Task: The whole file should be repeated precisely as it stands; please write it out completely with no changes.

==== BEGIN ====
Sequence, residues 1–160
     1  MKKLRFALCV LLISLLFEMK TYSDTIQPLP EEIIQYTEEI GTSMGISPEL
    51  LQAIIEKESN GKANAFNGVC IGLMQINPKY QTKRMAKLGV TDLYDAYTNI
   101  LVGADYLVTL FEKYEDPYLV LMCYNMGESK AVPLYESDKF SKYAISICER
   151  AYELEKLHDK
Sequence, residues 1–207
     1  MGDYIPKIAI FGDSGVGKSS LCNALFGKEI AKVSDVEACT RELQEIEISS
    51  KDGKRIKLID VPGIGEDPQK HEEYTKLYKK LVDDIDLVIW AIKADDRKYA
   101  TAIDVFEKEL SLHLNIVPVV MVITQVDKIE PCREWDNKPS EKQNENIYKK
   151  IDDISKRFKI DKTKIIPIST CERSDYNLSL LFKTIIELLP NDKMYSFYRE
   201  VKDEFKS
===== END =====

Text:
Sequence, residues 1–160
     1  MKKLRFALCV LLISLLFEMK TYSDTIQPLP EEIIQYTEEI GTSMGISPEL
    51  LQAIIEKESN GKANAFNGVC IGLMQINPKY QTKRMAKLGV TDLYDAYTNI
   101  LVGADYLVTL FEKYEDPYLV LMCYNMGESK AVPLYESDKF SKYAISICER
   151  AYELEKLHDK
Sequence, residues 1–207
     1  MGDYIPKIAI FGDSGVGKSS LCNALFGKEI AKVSDVEACT RELQEIEISS
    51  KDGKRIKLID VPGIGEDPQK HEEYTKLYKK LVDDIDLVIW AIKADDRKYA
   101  TAIDVFEKEL SLHLNIVPVV MVITQVDKIE PCREWDNKPS EKQNENIYKK
   151  IDDISKRFKI DKTKIIPIST CERSDYNLSL LFKTIIELLP NDKMYSFYRE
   201  VKDEFKS